Dr. John Henry Ott
06 24 In honor of twenty five years of professional activity in educational fields, Dr. John Henry Ott, vice president of Northwestern University, was feted by alumni and patrons of the institution on Tuesday.
Upon receiving the M. A. degree he was installed as professor of English at Northwestern in 1885. At the same time he was placed in charge of the reference library which, due to his efforts, has been increased to a collection of 10,000 volumes.
Athletics were closely followed by him. For a number of years he acted as supervisor of gymnastic instruction. Having attended Amherst College for some time, he later continued his studies in philology and history at the universities of Oxford, Halle and Berlin, collaborating with such scholars as Prof. Lenz, the historian, and Dr. Treitschke. In 1892 the degree of doctor of philosophy was conferred upon him.
Returning to this country after extensive travels in England, he again assumed the chair of English and history at Northwestern. In 1907 he was chosen vice president, which office he still occupies.
He is a ranking member of the American Modern Language Association and correspondent for the Royal Chaucer Society of England. WG
11 12 Drs. and Mrs. J. H. Ott gave a luncheon to a number of their friends at their home, 1530 Western Avenue, last Sunday evening in honor of their 20th wedding anniversary. Dr. and Mrs. Ott proved excellent entertainers and all present report an excellent time. WG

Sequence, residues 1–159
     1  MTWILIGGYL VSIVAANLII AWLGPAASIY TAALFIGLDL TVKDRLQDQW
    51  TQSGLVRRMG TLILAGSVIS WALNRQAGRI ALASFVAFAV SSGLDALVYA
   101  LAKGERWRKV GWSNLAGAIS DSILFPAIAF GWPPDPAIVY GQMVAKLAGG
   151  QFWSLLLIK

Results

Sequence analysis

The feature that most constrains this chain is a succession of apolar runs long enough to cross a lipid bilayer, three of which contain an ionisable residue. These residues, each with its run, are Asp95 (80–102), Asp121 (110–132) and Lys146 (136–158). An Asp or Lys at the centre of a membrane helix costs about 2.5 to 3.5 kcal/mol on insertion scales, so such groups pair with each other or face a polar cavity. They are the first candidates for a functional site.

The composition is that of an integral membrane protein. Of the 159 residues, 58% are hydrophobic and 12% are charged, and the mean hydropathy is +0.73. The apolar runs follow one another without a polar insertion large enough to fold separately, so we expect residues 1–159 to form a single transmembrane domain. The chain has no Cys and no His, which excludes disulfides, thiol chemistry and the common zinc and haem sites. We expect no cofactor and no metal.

JOHN HENRY OTT, PH. D.
Jefferson County Wisconsin and its People, John Henry Ott, Ph.D., Supervising Editor, 1971
For thirty years Professor John Henry Ott has been identified with the Northwestern College at Watertown, Wisconsin, and is now serving as vice president of the institution and professor of English. He was born in Tell City, Indiana, on the 4th of January, 1861, and is the son of Conrad and Maria (Senn) Ott, both of whom were natives of Switzerland. The father engaged in the manufacture of scales in the city of Zurich prior to his emigration to America in 1851. In 1858 he joined the Swiss Colonization Society and became one of the first settlers of Tell City, Indiana, where he subsequently engaged in the planing mill business. There both he and his wife spent their last days. She came to the United States in 1855 and also settled in Indiana, where they were married. One of her brothers, J. J. Senn, came to Wisconsin and located in Fountain City. He represented his district in the state legislature for two terms; served as county treasurer repeatedly; and was filling the office of justice of the peace at the time of his death, which occurred in 1893.
John Henry Ott began his education in the public schools of Tell City and in early life learned the printer's trade, at which he worked both in Louisville, Kentucky, and St. Louis, Missouri, for five years. One of his intimate friends in the latter city persuaded him to come to Watertown, Wisconsin, and enter the Northwestern College, a German Lutheran institution, from which he was graduated in 1885. During the following five years he taught in the college and then went to Berlin, Germany, where for three terms he was a student in the Berlin University. On leaving that institution he entered the university at Halle, Germany, where he completed the course in 1892 and was granted the degree of Ph. D. His thesis at that time was "The Sources of Aelfric's Lives of Saints."